Dirty water

Ednna Guajardo shows a cup of water that came out of a tap in her family’s home at Green Tree Estates in the 4000 block of Hilltop Lane.

Residents of the Green Tree Estates neighborhood left a meeting Oct. 29 discussing the future of their water supply with more questions than answers since there was no translator. Now, with LULAC, they’re walking into Monday’s meeting more prepared.

For several decades, Green Tree Estates has been among at least 50 small public water suppliers operated by private businesses in Denton County. State records showed Green Tree and its former owner, W.J. Roddy, faced enforcement actions in the past.

The current owner and operator of the water well, Don Roddy, told the city of Denton and the Green Tree residents he would stop operating the water well on Friday, Nov. 15.

Residents are preparing for the worst but are hoping to leave a meeting with the city Monday discussing the area’s future with more answers and a viable solution.

An agreed order in 2002 detailed the steps Roddy agreed to take to bring his system into compliance. In 2014, another agreed order fined Roddy $2,042 for many of the same problems: failing to test the water for contaminants or disinfectant and failing to have a licensed operator running the system.

This year, state records listed the system as “inactive” and city officials filed a complaint stating that the system continues to meet the definition of a public water supply, particularly since more than 25 people are served by it.

Putting water in cup

From a pipe at her family’s home, Ednna Guajardo fills a glass with tap water on Saturday. The family uses several water filters — but even so, this isn’t water they drink.

While many of them use the turbid water for bathing and washing dishes, some with water filters, they aren’t drinking it.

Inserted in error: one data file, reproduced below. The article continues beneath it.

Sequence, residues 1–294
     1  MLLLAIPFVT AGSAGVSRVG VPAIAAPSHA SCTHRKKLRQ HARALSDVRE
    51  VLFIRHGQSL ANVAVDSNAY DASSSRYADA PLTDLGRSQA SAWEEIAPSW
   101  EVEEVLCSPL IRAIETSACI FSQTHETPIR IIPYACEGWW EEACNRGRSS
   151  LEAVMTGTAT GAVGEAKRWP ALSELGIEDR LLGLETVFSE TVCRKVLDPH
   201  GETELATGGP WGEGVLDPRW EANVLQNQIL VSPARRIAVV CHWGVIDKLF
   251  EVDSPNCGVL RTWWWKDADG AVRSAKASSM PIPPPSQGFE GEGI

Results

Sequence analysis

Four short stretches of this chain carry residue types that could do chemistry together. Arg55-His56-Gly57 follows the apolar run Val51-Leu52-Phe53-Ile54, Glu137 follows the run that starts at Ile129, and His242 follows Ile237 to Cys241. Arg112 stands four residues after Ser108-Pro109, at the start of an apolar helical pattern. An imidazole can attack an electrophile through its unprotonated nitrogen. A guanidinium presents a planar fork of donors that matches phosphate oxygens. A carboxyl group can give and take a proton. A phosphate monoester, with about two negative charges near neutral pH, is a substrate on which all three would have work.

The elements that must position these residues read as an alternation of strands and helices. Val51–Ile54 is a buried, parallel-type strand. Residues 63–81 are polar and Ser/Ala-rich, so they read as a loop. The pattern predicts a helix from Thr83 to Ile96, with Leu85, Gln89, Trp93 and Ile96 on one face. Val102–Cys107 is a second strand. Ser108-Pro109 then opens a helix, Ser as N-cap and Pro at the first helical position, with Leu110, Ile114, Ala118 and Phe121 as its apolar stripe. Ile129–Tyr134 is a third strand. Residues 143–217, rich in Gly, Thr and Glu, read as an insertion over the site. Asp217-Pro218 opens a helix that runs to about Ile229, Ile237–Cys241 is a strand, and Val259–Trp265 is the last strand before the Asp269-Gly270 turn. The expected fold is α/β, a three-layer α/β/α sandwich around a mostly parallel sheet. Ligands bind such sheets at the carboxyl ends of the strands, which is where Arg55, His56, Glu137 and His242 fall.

Ednna Guardado is one of the residents living in the small enclave of mobile homes near Pecan Creek Elementary School. She is one of the few renters in the area and lives with her husband and their three daughters.

“Ever since I’ve lived here, the water has always been [dirty],” Guajardo said in Spanish. “In this house, I have a filter [for the water], but we don’t want to move from here because we’re comfortable in this neighborhood. My kids’ school is here.”

Green Tree Estates is in an area that was annexed into city limits in 2013. The initial ordinance for the annexation was adopted in 2011 and outlined specific requirements for extending water service to the area so it can conform with Denton’s requirements.

The Oct. 29 meeting showed Roddy has declined to connect to the city of Denton system since 2013. The city can’t directly connect to customers because all the roads and the well water are privately owned.

Guajardo said she has several filters to try to have clean water in the home. Even so, this isn’t water that they drink. Toward the back of the house, she showed the Denton Record-Chronicle one pipe where the water comes from.


Ednna Guajardo shows what a water filter looks like after it’s been used to clean her family’s water for a month at their home at Green Tree Estates in southeastern Denton.

She poured some in a glass and it came out a dirty yellow color — the same color of water that she brought to last month’s meeting in a clear bottle.

When she turned the faucet off and then on again, the water came out clearer. She said sometimes the water does come out looking cleaner, but most of the time it’s dirty. She said her daughters have gotten blisters a couple of times as a reaction to the water on their skin.